The Tan Line.  It’s hot out there.  Ideally you want to run a Marathon in 60-degree weather, but this year’s was well over 70 during much of the race.  Of course, that’s better than last year, when all were met by a deluge.  Charles Constantin, a historian and storyteller who ran 13 times at Boston, reminds us of the many hazards—not just sun—that await the long distance runner:

It was a great experience, running it every year for 13 straight years, seeing old friends who lived in the area, doing something I figured I could never do when I was drinking too much and out of shape.  The best thing about it were the crowds, whole towns coming out as we wound our way through communities.  they save their loudest yells and support for the the back of the pack runners.  When I first ran , it was all amateur, and the Wellesley girls would line up close on both sides of the street as we passed through, touching hands.  Once, a pretty blase-looking blonde yelled "where's your tan line?" and I gave her a quick moon. Being over fifty, a great rejuvenater.  When it turned professional, they put the girls at a safer distance, on the other side of the railroad tracks.   Also it is a lot larger now, 20,000 plus. It used to be 6000-8000 and more manageable, especially at the start.  The trade-off is that it gives more people an opportunity to run.   Anyway, fond memories that I thought would never end.  And of course they don't. 

I started in 1984 or 83, whichever makes 13, to 1996, which was the 100th anniversary and the last Boston I ran.  I wanted to run Big Sur, which always was on the same date as Boston.  When I finally did, I fell at the 21st mile and had 29 stitches across my forehead.  That was when I realized I had some peripheral nerve problems in the legs and never did make it back to Boston.  While 13 straight sounds impressive, I always was amazed at how many had run more.  Also I usually won age group medals in other marathons, but never could at Boston, which gets the best age group runners in the world.  Another humbling experience.

The Wind Bag.  Dr. Donald Bienfang is a Bostonian we cherish because he possesses an elegant wit and he knows the value of a drink well made.  We have recorded some of his wisdom at “Old-Fashioned Manhattans.”  Runner, too, of many marathons, he captures for us a lot of curious behavior, even his own.  Each run generates a slew of laughs:

There are numerous Rosi Ruiz type stories (she was the one who jumped in too
early at the end of the race and ended up "winning" the women's division one
year).  I ran one BAA Marathon and passed the same guy (who I knew well) three times without him ever passing me once.  It will take you a minute but think about it.  He was clearly using some other modes of transportation for part of the race.  The New York Marathon has the longest urinal ever constructed at the start.  You run through the devout Jewish section of NYC I don't think there are many marathon runners among the Hasidim.  There used to be a Cape Cod marathon.  When I ran it, it was so cold I wore a plastic bag and discovered if I pulled the bag out for certain sections I could get a "wind assist".  Years later I was recovering from a local race and a guy told me about running the Cape Cod Marathon next to some weird guy wearing a plastic bag using it as a sail.  Of course it was me.  Kudos to the girls at the end of the London Marathon hired by Mars Bars to kiss each finisher at the end of the race.

Did you know after a Marathon you can walk up stairs but not down.  Also your breath is terrible because you have been burning muscle not glucose (which you have none of) and so you smell like a diabetic without any insulin.  You can tell you're ready for a marathon when people ask you "How is your chemotherapy going?"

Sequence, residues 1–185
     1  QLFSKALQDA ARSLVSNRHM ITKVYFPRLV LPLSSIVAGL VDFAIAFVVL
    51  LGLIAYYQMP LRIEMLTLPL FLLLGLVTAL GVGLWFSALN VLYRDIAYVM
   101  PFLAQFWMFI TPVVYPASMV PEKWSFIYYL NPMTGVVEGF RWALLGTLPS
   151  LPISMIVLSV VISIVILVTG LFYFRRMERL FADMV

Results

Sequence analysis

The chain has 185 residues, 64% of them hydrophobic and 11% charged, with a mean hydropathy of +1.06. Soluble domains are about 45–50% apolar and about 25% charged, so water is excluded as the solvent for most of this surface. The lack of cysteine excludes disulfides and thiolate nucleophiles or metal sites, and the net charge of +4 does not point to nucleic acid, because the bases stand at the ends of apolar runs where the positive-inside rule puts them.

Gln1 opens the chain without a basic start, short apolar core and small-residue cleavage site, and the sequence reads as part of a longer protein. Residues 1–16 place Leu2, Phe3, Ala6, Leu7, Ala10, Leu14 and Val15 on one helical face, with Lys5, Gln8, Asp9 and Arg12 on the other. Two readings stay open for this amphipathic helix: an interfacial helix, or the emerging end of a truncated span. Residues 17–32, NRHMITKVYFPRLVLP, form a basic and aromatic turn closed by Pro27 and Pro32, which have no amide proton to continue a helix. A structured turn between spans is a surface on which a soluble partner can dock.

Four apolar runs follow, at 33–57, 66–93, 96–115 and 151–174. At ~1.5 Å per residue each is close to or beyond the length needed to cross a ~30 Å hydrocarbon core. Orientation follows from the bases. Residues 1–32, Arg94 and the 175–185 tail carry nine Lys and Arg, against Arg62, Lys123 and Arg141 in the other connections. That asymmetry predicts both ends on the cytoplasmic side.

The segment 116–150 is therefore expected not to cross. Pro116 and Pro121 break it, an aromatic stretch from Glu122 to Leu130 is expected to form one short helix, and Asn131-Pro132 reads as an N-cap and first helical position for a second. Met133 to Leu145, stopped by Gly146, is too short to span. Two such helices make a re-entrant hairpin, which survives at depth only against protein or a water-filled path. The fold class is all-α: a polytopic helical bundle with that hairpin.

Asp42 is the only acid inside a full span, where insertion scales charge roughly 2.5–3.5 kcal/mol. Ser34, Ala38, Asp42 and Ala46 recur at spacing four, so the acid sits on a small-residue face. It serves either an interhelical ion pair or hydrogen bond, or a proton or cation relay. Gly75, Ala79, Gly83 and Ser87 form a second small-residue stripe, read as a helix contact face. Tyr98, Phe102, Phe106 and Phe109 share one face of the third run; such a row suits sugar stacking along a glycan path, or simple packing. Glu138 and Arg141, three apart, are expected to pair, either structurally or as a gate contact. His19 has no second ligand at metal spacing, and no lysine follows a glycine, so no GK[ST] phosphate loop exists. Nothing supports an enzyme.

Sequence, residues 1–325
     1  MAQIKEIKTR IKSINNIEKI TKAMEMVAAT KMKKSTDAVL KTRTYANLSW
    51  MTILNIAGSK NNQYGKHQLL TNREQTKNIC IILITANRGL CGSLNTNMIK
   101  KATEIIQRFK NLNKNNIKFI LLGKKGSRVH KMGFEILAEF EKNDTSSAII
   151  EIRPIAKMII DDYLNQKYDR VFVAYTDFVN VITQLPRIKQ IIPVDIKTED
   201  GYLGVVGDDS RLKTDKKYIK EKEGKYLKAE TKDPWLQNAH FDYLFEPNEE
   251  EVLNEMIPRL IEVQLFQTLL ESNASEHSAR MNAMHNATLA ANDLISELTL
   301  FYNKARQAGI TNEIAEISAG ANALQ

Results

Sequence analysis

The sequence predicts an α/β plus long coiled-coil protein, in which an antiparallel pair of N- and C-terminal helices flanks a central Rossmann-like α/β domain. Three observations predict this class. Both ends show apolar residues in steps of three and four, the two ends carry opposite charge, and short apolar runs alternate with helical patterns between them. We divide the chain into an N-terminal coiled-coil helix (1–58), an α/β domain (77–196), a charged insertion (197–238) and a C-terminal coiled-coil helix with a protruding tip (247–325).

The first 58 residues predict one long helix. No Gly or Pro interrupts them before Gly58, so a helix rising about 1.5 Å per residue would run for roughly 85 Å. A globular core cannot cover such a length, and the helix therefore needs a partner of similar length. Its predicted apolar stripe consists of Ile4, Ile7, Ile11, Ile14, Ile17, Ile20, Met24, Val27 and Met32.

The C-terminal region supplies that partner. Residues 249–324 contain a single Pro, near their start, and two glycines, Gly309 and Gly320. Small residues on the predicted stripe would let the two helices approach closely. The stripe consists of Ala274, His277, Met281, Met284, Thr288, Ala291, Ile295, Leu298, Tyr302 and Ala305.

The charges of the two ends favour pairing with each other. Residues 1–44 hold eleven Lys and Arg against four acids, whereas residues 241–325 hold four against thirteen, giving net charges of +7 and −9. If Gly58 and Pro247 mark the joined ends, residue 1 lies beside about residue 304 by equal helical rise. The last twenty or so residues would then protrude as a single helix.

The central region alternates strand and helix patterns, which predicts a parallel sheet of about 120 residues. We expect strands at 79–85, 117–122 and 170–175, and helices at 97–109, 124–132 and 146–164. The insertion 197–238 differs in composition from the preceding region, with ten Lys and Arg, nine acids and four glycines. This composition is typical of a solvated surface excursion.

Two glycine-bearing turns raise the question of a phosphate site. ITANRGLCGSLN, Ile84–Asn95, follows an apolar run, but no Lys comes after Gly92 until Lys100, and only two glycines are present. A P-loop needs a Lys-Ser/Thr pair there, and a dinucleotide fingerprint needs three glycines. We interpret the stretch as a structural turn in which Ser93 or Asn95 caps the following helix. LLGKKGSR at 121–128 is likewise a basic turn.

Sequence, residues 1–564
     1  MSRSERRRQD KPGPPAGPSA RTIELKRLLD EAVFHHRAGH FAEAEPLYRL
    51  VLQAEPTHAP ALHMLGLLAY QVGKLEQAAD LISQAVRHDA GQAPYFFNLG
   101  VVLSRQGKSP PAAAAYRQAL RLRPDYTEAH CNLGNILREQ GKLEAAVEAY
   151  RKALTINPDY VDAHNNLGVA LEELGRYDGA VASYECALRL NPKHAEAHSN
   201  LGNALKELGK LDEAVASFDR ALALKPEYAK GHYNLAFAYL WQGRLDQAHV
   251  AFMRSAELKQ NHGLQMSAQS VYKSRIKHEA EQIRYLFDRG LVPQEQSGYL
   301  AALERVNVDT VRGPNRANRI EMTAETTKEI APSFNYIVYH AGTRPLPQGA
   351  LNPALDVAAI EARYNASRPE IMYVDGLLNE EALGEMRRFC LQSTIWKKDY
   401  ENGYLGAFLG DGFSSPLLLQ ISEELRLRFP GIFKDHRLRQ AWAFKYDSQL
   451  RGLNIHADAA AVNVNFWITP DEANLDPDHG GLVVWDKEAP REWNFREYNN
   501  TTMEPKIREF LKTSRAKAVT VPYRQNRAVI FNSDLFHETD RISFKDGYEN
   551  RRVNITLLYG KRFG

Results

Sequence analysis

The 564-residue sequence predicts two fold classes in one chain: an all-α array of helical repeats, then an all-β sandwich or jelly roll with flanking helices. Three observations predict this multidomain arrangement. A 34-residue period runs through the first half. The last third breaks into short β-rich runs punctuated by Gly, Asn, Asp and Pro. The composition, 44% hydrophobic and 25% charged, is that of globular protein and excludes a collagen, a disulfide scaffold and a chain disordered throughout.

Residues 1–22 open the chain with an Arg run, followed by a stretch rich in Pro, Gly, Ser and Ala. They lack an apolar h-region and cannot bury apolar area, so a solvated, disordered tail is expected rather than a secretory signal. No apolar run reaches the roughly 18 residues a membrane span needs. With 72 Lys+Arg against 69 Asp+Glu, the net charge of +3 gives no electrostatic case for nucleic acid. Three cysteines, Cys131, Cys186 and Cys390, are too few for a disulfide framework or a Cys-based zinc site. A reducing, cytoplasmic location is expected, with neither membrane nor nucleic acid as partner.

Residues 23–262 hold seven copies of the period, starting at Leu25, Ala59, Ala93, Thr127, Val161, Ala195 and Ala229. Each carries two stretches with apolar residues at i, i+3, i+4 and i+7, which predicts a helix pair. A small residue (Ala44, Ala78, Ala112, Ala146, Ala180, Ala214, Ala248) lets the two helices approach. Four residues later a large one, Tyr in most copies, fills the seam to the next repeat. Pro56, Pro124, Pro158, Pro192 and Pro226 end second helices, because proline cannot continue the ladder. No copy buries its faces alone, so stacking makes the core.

I may not be able to remember exactly but I ran Boston in 79, NY in 80 and 84, I ran the 100th Boston in 96.  I ran London in (I think) 87.  I did Cape Cod twice. Say 85 (the bag) and 90. I wasn't really in shape for it but I was part of a team and one of the better runners wasn't sure he could finish and we needed a certain number of finishers-never mind the time-to get points.  So I made a deal that if he finished someone would drive back in a car, tell me to stop, and pick me up.  Well he finished but they forgot the deal.  You can scatter about 3 more Bostons in between 79 and 96 I really didn't keep track.

A Mixed BagJim Fixx, a journalist-runner, who was responsible as much as anyone for getting the running craze going in modern America, died after a run one day.  He had heart and circulatory troubles anyway, but he was not the first or the last to kick the bucket after a run.  One New York marathoner has reminded us that running, particularly long distance running, is simply hard on the body, and one has to know when to give it up.  In Boston, on the sidelines, we met a heap of oldsters who did not give it up in time and whose bodies were full of regrets.  Coach Megerle’s swimming or simple bike riding are probably better bets year after year. 

That said, running is now part of America, yet another facet of our dramatically changed country that says we have to run things differently because we are a different people.  Our leaders have not caught up to our runners.  This might remind us of The Loneliness of the Long Distance Runner, a Tom Courtenay movie made back in 1962.  In many ways, we are competing with nobody when we run: we are running against ourselves.  Maybe escaping other aspects of our lives.  Maybe just bettering our last time.  There’s a solitude to the long distance journey, even if there are 21,000 on the same course.  The planet is getting pretty crowded, but the long journeys are done all by our lonesome selves.

P.S.  Tufts has a lot of endearing eccentricities.  It’s mascot, for instance, is a jumbo elephant courtesy of P.T. Barnum.  We would like to see such a creature by the running track, just as Handsome Dan is hauled out for Yale’s global events.  As near as we can tell, the best sport to follow at Tufts is football, because nobody comes.  We watched one game, on a beautiful Fall day, between Tufts and Williams or some small New England college.  The stands half full, the very good cheer on both sides gladdened the heart.  It was a family affair.

P.P.S.  If we were ever to do a marathon, surely it would have to be at Tromso.  Oh, to have the pleasure of running by the midnight sun.

P.P.P.S.  In these United States, everything now demands a long view.  But we are rather too accustomed to thinking in days rather than years, in feet instead of miles.  In almost every pursuit, we are now wise to pin our hopes on fellows who can look over the horizon, knowing that today is not working.